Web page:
The tests were performed on two distinct datasets. News20 is a dataset containing news headlines and articles, which was split into four subsets. Each division contains rows with unique labels e.g., rows from a subset containing three classes is not used in subsets with five and 10 classes. BBC is a dataset containing BBC articles with each row labeled as one of the five distinct classes: sport, tech, business, entertainment, and politics.
The proposed model was tested against two other well-known clustering methods that have the ability to infer the optimal number of clusters as part of the training process. DBSCAN and OPTICS were chosen as one of the few classic approaches that does not require the number of clusters to train the model [28,29].
Three metrics were utilized to evaluate the performance of our method against classic approaches. The V-measure can be described as a weighted harmonic mean of homogeneity and completeness [30]. In this metric, the homogeneity criterion is satisfied if the algorithm only assigns to a single cluster the data units that are members of a single class. In order to satisfy the completeness criteria, the algorithm must assign to a single cluster all of the data units that are members of a single class. NMI (Normalized Mutual Information) [31] was used as additional performance metric, which utilises entropies of class labels and mutual information (a reduction in the entropy of class labels after training). Both of these metrics are independent of the absolute values of the labels, and the results of clustering can be directly compared with the true labels, which are document classes of the original data assigned by the authors of this dataset. Finally, to test models’ ability to accurately determine the number of clusters in a given corpus, we employed a measure of similarity between the optimal number of clusters and the number obtained by algorithms (number of clusters’ inference accuracy).
Experiments were conducted with different encoding techniques, in order to test their possible impact on the model’s performance. The first model is TF-IDF, as it is, to this day, a very popular encoding methods for relatively simple tasks. Another employed method is FastText [32], which is an extension of a well-known word2vec model with improved accuracy and faster training time due to the usage of negative sampling. Finally, we use the context-aware USE model described in Section 2, which, unlike FastText, can output embeddings not just for words but for entire sentences and, by doing so, bypasses the process of averaging the word embeddings typically performed by the models that do not utilise context information, such as FastText.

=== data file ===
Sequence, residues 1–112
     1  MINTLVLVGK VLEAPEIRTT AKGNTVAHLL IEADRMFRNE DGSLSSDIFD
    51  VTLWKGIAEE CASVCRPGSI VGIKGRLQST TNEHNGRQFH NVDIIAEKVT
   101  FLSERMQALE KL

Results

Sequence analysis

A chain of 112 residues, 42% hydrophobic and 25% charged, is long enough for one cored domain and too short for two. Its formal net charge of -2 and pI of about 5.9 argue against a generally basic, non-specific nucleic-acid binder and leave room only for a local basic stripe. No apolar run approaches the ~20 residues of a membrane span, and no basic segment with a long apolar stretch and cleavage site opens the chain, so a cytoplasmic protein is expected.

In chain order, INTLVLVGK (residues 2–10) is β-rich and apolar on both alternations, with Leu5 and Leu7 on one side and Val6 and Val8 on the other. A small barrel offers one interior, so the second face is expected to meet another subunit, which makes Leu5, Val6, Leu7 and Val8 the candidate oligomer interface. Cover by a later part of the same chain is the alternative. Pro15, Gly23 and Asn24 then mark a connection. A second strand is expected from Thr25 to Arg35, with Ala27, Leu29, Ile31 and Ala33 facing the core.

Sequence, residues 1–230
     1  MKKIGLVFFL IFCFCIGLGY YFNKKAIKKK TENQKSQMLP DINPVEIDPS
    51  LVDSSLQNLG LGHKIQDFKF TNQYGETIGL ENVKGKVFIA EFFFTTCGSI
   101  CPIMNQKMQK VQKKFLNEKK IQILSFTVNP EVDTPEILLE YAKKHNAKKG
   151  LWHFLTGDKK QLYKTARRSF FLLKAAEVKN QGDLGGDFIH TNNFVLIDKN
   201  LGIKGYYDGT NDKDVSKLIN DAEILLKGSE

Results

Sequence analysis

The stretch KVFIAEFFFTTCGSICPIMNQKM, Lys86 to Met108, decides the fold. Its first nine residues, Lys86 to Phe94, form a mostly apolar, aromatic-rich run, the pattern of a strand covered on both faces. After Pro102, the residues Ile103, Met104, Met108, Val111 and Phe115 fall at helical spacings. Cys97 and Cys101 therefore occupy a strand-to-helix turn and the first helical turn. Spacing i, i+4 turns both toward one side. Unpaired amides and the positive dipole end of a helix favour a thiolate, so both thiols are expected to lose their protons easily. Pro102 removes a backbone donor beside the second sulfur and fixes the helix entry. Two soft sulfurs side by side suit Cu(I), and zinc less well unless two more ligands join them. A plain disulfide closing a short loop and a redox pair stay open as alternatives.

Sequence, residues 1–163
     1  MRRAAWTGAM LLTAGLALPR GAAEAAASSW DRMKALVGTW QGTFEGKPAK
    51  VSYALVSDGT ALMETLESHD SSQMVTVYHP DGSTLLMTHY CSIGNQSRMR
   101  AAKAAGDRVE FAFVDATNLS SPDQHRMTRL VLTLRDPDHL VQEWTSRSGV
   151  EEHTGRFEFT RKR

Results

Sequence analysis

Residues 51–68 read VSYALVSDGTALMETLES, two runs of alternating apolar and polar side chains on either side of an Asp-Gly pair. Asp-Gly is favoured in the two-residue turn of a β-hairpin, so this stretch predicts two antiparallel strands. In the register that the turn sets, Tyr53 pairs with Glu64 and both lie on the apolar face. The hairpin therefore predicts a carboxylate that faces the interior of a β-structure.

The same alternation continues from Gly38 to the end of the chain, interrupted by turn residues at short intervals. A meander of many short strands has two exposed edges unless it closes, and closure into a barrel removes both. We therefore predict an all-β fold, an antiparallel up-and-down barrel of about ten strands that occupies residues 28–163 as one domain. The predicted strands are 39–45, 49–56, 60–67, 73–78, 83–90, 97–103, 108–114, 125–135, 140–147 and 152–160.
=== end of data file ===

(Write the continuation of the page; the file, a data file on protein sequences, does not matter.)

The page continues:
The results for different combinations of training and encoding models, as well as different metrics, can be seen in Table 3, Table 4, Table 5, Table 6, Table 7, Table 8 and Table 9.
The experiment shows that the proposed method of agglomerative clustering with USE pre-processing provides a much better result when compared to the baselineS, namely DBSCAN and OPTICS. The model performs especially well when the number of classes increases, reaching eight-times better performance than the baseline model if compared by the V-measure.

5. Discussion

As we have demonstrated above, the proposed method shows high efficiency against the baseline; however, it is not deprived of shortcomings.
As for data pre-processing and the dataset, the most notable downside to models, such as USE, are their requirements in terms of hardware and their time-consuming nature. This is especially true then the model is trained from scratch, but even the inference process can be rather slow then dealing with large corpora. Additionally, News20 has very well-defined classes and, as such, may not be representative of the performance on the real data. However, it provides a good enough estimate of the model performance by giving us the ability to check the clustering performance via comparing obtained cluster labels with the true labels defined for this set by human coding.
As for the clustering procedure with the Markov moment, it still possesses some residual subjectivity, as sensitivity of the stopping criterion may be changed by the researcher. As we noted above, clustering per se is a subjective instrument when used for topicality or sentiment detection, as almost all of the stopping criteria (that is, the criteria for selection of the optimal number of clusters) are subjective by nature, being based on heuristic approaches to problem resolution. The use of “e-2 hypothesis” that we have suggested above aims at reducing the level of subjectivity. Additionally, more experiments are needed to collect empirical data on the optimal values of the stopping criterion for the real-world data. In order to overcome the problem of subjectivity, the data might as well undergo further experiments with various procedures for stopping, while the results might be compared to expert opinion, given that the level of agreement of 0.7–0.8 among the human coders is reached. However, we need to note that our prior experiments with topic models and human coding have shown that manual coding should not be taken as baseline. In particular, for pairs of human coders, topic interpretability and proximity varied for over 10 times, depending on prior familiarity with the dataset and coding experience [33]. Thus, the quality assessment of clustering remains an issue. Our approach significantly helps researchers to reduce subjectivity but does not eliminate it completely. The advantage of our approach is that it allows for testing subtle changes in topicality distribution by nuanced variances of the stopping criterion, rather than changing the number of topic slots in arbitrary manner.